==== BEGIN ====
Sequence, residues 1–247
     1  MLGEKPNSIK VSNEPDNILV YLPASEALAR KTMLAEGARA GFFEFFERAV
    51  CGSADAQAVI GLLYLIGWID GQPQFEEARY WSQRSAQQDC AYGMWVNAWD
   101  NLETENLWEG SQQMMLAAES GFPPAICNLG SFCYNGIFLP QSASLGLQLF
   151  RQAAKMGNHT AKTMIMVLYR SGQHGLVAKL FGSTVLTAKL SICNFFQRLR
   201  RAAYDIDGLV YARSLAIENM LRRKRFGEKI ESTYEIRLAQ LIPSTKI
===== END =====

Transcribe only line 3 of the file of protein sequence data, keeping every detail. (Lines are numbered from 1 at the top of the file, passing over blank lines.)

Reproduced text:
    51  CGSADAQAVI GLLYLIGWID GQPQFEEARY WSQRSAQQDC AYGMWVNAWD